North By Northeast, or NXNE for short, is a week-long music and arts festival that brings hundreds of artists to Toronto every June, while also showcasing local talent. There are several club shows put on throughout the week, as well as some free shows in Dundas Square, but the 2016 edition of the festival has seen a change to the format. In the past, the big-market names would perform the free shows in Dundas Square, but this year NXNE is shaking things up by moving them to a new venue and having a “festival within a festival” at the Port Lands, while the Dundas Square events will primarily showcase video game installations.
The move to the Port Lands comes after a controversial 2015 festival, where NXNE had booked Action Bronson to headline their hip-hop event at Dundas Square, and subsequently had to scramble to replace him after a petition signed by over forty thousand Torontonians called to have him removed. While violent lyrics and character portrayals in music are nothing new, the issue was allowing them to be performed in a free public space in the middle of downtown, and so NXNE has launched the new lakeside venue for their new ticketed festival to avoid further issues. The Port Lands festival is two days long, and similar to previous years, NXNE has Day 1 dedicated to hip-hop and Day 2 dedicated to rock.
Being purely a hip-hop head, I came just for Day 1 to see Schoolboy Q, Ghostface Killah, and some lesser-known underground and local artists. This would be my first time seeing Schoolboy Q perform, and my ninth time seeing Ghostface Killah, who had headlined this festival with Raekwon back in 2012. To me it felt kind of backwards that Schoolboy Q was headlining ahead of Ghostface, as one is preparing to release just his fourth album (second on a major label) in July, while the other is a cemented all-time legend with 25 years worth of music and cultural impact. That’s just the nature of hip-hop though; it’s a young man’s game, and the college crowd is more likely to spend money on this kind of outdoor, all-standing festival.
I got to the festival around mid-afternoon and the crowd was still relatively small. Las Vegas native Shamir was singing over some groovy dance tracks on the main stage as I explored the festival grounds. There was a decent selection of food trucks, a very limited selection of beer, and some cool art displays in the centre of it all. Budweiser had the most chill section though, with a balcony above their bar, bean bag chairs, and a life-sized Jenga game. It was clear, sunny skies with no clouds in sight; perfect for just sitting back and drinking a cold one. Reggae artist Tiken Jah Fakoly rocked the small stage at the other end of the park before it was time for the Wu-Tang Clan’s own Ghostface Killah to take the main stage.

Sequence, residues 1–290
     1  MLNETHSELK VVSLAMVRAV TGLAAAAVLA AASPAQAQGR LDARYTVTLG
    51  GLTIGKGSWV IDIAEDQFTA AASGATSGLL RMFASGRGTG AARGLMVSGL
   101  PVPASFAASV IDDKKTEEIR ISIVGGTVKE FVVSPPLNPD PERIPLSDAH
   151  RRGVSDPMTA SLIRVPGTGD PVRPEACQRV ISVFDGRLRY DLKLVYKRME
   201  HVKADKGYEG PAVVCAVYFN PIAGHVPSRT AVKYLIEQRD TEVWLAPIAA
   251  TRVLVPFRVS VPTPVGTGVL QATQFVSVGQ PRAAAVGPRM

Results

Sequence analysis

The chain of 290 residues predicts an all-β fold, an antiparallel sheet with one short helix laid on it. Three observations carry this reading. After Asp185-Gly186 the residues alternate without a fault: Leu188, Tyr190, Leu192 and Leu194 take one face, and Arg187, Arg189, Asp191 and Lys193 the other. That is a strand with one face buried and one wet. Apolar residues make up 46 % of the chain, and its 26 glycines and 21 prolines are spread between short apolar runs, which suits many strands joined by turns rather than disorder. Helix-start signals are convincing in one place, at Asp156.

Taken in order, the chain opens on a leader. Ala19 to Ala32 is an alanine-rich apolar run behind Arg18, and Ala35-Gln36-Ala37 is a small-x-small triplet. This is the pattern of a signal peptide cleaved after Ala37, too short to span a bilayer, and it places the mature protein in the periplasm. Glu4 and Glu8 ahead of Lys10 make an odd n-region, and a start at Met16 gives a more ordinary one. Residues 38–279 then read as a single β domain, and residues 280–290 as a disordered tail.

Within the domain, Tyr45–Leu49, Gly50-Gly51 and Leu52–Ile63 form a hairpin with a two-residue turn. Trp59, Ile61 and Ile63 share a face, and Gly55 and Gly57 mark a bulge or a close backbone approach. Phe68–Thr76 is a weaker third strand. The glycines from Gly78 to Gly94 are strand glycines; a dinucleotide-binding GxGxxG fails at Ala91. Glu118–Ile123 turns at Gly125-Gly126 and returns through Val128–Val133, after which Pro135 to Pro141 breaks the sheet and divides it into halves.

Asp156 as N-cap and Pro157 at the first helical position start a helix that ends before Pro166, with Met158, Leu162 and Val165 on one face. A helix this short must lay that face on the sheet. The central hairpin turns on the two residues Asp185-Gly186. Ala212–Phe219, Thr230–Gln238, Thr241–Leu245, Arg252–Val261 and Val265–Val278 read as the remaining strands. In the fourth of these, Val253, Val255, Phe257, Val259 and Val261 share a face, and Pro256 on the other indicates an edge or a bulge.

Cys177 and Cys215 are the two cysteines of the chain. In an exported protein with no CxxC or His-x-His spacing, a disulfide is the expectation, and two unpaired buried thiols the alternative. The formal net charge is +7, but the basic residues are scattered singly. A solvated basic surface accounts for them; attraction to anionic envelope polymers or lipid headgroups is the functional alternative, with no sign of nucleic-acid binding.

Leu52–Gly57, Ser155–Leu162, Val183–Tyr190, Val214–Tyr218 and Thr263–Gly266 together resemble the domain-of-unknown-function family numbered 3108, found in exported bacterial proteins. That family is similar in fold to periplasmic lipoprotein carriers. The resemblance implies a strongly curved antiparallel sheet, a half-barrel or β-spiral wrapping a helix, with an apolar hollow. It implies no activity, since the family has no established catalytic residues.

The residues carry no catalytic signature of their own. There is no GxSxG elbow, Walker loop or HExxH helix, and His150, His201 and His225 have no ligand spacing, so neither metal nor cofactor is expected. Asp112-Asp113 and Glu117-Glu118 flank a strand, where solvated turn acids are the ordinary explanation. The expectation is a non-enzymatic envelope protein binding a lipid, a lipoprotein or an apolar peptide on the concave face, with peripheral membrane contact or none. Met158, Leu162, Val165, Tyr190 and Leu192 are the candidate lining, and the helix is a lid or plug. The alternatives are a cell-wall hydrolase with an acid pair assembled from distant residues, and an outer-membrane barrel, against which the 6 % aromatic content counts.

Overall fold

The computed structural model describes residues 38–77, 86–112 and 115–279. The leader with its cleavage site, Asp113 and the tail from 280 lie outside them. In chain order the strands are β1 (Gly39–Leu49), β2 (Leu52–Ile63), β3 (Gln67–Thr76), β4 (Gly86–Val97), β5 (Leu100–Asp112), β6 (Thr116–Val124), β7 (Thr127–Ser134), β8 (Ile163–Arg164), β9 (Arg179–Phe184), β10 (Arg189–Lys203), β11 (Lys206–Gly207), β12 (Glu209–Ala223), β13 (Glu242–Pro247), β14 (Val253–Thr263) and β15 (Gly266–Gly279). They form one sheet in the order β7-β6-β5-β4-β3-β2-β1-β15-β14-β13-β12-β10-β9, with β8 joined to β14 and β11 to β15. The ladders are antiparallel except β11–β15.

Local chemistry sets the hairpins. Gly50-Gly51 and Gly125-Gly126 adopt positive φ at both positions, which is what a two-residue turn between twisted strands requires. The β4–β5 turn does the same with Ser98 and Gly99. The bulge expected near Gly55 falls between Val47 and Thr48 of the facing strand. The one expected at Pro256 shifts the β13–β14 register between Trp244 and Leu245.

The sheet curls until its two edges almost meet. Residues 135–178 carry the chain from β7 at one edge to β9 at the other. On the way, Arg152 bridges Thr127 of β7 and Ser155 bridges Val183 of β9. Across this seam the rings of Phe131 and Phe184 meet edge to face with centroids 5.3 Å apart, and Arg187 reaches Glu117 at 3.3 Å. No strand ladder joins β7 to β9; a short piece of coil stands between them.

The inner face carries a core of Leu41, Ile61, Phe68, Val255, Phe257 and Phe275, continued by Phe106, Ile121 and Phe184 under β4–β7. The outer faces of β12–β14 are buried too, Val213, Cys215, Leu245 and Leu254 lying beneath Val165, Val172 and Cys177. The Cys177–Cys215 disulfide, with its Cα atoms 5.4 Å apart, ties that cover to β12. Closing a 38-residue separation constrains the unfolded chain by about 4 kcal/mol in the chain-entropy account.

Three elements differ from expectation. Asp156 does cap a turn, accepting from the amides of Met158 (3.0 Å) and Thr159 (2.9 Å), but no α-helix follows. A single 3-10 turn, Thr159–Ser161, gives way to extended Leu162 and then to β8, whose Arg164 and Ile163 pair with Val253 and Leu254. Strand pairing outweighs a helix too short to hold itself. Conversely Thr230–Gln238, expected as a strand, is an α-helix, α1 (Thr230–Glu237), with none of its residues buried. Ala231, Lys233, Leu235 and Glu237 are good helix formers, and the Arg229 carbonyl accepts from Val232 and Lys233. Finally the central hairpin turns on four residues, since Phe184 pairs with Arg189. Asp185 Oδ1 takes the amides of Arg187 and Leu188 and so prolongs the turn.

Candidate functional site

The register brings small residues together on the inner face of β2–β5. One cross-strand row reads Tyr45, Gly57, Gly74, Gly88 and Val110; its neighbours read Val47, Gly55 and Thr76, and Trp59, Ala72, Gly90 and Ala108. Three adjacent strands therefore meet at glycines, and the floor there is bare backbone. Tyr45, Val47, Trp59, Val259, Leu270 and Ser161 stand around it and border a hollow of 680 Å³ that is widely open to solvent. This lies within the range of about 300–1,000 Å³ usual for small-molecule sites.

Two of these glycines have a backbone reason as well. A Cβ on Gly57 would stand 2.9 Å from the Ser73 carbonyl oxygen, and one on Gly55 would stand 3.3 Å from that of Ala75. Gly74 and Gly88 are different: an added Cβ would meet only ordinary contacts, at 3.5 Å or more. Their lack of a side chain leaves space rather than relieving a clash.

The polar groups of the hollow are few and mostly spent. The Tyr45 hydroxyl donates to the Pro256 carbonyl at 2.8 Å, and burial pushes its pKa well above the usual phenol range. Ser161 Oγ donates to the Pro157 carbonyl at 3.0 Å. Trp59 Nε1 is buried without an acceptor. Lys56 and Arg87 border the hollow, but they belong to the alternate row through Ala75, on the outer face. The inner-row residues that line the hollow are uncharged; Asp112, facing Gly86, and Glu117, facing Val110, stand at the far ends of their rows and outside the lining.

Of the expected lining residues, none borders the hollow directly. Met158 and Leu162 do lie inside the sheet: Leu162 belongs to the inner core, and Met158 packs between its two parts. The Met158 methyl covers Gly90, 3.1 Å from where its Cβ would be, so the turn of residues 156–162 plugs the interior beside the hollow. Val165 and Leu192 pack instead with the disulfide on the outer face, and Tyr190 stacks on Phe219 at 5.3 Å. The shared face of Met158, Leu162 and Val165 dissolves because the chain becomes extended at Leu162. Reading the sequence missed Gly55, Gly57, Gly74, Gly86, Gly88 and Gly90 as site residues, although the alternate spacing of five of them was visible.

Part of what’s made Ghostface Killah worth seeing nine times is that he’s unpredictable and full of surprises. Every time I’ve seen him has been some unique grouping with other artists, whether it’s with his own Wu-Tang Clan members or other collaborators, and even his solo shows have had surprise guests. This one looked like it might be my first time actually seeing him truly solo, as he came out and rocked “Criminology,” “Nutmeg,” and “Ice Cream,” but then to everyone’s surprise he brought out his Wu-Block collaborator, Sheek Louch! Toronto hadn’t seen these two perform together since their 2013 Wu-Block tour, but rather than perform their collaborative songs as Wu-Block, they took turns doing some of their standout verses. They went from Ghostface’s “One,” to Sheek’s verse on “It’s All About The Benjamins,” to Ghostface’s “Apollo Kids,” to DMX’s “Niggaz Done Started Something.” Ghostface rocked his verse from Raekwon’s “Ice Water” over that DMX beat, and things continued in this pattern.
The crowd got turned up for Jay-Z’s “Reservoir Dogs,” Ghostface’s “Black Jesus” and a cover of Styles P’s “Good Times,” but it was the beat from GZA’s “4th Chamber” that got everyone jumping. They did some songs for Ghostface and Wu-Tang’s day-one fans, performing and covering several songs off of the album Enter The Wu-Tang (36 Chambers), including the usual “Mystery of Chessboxin’,” “Can It Be All So Simple,” “C.R.E.A.M.” and “Tearz.” They also did the fun routine where they brought a fan on stage to rap Ol’ Dirty Bastard’s verse on “Protect Ya Neck.” Sheek and Ghost encouraged the crowd to boo him off stage if he screwed up the lyrics, but he actually nailed it and brought a lot of energy; the crowd got hyped! This was followed by a tribute to the late ODB as well as The Notorious B.I.G., as we sang along to “Shimmy Shimmy Ya,” “Got Your Money” and “Hypnotize.”